|Andrew McCutchen (center) has single-handedly carried the Pirates at the plate. (US Presswire)|
The Weekend Buzz while you were celebrating summer by chasing the ice cream man down the street. ...
Second ... do you trust these Pirates?
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They were in first place in late July last summer before sinking like a peg leg. They've been submerged under .500 for so long that, yes, it would be wise to keep the caution light on until they first produce a winning season. The playoffs will come sometime after that.
Yet, Pittsburgh hasn't had pitching like its getting now from starters A.J. Burnett and James McDonald in a long time. Burnett won his seventh consecutive start on Friday, the longest such streak in Pittsburgh since Dock Ellis won eight in a row back in 1974. From May 25 through Sunday, the Pirates posted the best record in the NL at 18-8. Only the Yankees (19-7) were better in the AL.
How long that lasts will be intriguing, because the Pirates rank 15th in the NL in batting average, runs scored and slugging percentage, and 16th in on-base percentage. Pittsburgh's lineup is Andrew McCutchen and the Seven Dwarfs.
If you're a Pittsburgh optimist, you figure Jose Tabata can only get better, Pedro Alvarez will continue to improve and McCutchen eventually will get some help (maybe in a July deadline deal, someone who becomes the opposite of Ryan Ludwick). If you're a Pirates pessimist, you figure the offense will be the anchor that drags them down because the pitching will only get worse.
McCutchen alone had accounted for roughly 34 percent of Pittsburgh's offense (39 runs scored, 45 knocked in) through Sunday. He's having an MVP-type season ... just like Cincinnati's Joey Votto. The only thing more impressive than McCutchen's May numbers (.360, eight homers, 18 RBI) is what he's doing in June (.377, five, 20).
Votto, who homered again in Sunday's loss to the Twins, is hitting .458 with 13 doubles, seven homers and 19 RBI since May 25. Teammate Johnny Cueto, meanwhile, is 4-0 with a 1.47 ERA in June, and Brandon Phillips continues to mine gold at second base with what seems like at least one dazzling defensive play a day.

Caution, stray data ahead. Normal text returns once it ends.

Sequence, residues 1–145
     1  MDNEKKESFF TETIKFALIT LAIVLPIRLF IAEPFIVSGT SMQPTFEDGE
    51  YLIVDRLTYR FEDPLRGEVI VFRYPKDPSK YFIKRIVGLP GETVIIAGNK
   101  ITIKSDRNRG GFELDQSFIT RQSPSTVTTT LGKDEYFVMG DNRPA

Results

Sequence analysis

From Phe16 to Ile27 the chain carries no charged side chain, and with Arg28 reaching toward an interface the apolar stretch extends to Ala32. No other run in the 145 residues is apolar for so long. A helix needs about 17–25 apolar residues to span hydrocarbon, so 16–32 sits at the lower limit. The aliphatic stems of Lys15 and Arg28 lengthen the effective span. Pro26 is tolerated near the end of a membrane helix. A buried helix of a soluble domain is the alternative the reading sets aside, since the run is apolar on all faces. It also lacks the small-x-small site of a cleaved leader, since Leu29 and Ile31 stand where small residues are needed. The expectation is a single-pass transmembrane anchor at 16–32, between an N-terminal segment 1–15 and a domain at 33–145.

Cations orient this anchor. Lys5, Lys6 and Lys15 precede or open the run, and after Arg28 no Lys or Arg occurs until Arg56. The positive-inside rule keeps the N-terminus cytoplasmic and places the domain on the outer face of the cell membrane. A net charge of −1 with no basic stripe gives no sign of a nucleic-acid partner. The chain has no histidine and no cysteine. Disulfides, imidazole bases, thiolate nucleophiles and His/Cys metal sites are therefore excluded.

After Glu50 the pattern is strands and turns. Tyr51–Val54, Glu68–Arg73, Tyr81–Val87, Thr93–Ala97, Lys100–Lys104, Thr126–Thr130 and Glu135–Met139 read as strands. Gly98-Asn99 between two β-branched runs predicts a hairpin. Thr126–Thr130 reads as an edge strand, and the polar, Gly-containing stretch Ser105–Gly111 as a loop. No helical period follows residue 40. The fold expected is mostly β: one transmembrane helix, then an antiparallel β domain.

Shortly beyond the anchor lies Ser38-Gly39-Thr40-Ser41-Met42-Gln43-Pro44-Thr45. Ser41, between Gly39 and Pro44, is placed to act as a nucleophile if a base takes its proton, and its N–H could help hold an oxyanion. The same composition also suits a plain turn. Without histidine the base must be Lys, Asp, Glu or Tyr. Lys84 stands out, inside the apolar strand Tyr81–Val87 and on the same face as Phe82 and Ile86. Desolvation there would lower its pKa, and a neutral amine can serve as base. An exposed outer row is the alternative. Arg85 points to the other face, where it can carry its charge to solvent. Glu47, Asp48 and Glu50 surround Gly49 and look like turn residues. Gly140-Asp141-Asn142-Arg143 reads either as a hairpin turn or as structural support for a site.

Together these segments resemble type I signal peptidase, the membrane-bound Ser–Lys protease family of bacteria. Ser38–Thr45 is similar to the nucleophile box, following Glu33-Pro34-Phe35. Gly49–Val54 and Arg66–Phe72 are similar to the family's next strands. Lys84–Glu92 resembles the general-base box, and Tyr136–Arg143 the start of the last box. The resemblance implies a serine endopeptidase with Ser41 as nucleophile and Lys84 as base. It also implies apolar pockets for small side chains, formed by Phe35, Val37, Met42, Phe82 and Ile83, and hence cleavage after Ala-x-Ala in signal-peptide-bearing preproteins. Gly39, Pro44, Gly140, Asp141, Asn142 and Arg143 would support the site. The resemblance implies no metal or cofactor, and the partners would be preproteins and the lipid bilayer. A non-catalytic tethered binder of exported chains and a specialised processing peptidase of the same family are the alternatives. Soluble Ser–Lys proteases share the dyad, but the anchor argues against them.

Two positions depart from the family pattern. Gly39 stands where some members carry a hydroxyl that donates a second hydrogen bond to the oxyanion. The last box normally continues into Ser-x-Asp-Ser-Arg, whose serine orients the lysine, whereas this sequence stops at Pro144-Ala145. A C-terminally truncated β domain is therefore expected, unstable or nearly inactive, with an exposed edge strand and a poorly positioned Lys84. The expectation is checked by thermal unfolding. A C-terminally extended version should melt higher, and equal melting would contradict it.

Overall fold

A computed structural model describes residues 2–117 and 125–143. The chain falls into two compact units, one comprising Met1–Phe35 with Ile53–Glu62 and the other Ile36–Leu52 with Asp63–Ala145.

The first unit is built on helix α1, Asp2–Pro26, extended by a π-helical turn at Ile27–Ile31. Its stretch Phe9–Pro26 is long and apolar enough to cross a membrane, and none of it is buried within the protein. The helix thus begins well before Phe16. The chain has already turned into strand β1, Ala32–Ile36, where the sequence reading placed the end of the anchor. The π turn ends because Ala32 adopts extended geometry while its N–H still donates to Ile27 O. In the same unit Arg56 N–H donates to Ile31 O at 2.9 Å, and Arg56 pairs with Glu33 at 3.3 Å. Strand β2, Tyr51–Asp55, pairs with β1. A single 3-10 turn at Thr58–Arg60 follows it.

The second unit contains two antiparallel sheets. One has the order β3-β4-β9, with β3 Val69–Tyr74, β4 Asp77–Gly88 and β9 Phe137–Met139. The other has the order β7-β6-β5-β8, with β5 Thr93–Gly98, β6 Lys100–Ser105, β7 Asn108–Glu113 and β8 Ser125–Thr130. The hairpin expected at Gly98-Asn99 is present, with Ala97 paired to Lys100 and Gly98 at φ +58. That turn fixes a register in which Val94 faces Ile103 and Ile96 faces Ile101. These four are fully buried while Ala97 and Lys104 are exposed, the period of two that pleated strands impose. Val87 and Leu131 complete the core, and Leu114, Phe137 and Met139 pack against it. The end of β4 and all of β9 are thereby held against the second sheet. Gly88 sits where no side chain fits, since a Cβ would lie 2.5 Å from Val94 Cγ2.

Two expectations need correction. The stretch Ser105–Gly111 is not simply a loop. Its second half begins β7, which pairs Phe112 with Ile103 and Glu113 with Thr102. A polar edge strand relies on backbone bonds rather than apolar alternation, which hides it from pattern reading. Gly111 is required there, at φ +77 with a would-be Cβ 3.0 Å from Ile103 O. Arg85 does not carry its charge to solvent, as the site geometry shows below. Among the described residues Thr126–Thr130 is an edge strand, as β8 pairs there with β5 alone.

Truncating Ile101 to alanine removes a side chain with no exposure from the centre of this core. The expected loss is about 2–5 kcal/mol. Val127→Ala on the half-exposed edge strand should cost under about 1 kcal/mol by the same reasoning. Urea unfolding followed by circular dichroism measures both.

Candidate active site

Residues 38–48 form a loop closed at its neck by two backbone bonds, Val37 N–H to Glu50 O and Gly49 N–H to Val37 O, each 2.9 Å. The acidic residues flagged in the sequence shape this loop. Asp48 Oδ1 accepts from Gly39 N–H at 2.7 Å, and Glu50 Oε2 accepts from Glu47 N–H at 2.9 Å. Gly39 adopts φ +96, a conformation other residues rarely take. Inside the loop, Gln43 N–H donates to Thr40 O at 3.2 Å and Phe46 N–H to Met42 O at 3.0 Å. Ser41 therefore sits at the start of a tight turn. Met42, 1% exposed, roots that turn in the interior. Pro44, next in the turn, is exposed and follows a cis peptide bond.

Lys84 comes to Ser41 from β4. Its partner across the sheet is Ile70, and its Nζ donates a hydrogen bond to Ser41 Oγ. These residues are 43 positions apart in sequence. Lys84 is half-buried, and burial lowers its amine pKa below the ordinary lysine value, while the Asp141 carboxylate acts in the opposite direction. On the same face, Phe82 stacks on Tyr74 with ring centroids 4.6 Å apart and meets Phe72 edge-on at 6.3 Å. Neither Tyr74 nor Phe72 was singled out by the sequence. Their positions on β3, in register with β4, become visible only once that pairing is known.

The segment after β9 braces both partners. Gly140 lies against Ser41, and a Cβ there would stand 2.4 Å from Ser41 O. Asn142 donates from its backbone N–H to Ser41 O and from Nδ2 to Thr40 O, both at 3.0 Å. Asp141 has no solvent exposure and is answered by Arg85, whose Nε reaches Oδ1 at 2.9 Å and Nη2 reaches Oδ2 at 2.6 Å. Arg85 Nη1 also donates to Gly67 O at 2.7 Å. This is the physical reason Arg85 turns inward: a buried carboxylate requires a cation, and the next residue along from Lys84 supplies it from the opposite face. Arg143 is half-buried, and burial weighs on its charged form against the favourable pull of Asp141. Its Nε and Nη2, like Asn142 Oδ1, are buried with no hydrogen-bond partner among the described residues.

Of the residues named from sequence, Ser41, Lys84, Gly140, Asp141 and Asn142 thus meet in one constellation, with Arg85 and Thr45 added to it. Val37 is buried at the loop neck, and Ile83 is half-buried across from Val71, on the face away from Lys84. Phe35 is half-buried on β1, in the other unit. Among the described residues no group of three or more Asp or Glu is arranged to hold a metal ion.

Despite Sunday's loss, the Reds, who won the division two years ago, remain atop the NL Central. Pittsburgh is just one game back.
Do you trust these Pirates?
Those who have been disappointed the most and should know best are beginning to: The Pirates attracted their sixth sellout crowd of the season Saturday. They've won eight of their past 10 home games, and 12 of 15, and it's easy to see why: Pirates pitchers are especially stingy at PNC Park with a best-in-the-majors 2.28 home ERA.
We'll know soon enough whether the Pirates will stand the test of time in 2012. For now, the energy is back in Pittsburgh ... and they're feeling it in Cincinnati, too.
2. Young man, change your socks: Kevin Youkilis isn't going to be the sole answer for Chicago pulling an end-around and winning the AL Central. But even if he's not the Youk of old, consider him an upgrade for Robin Ventura: White Sox third baseman this season are hitting a combined .167 which, according to the Elias Sports Bureau, makes third base at U.S. Cellular Field the worst offensive position in the majors. The Youkilis of old? No. An upgrade over Brent Morel and Orlando Hudson? Gosh, yes.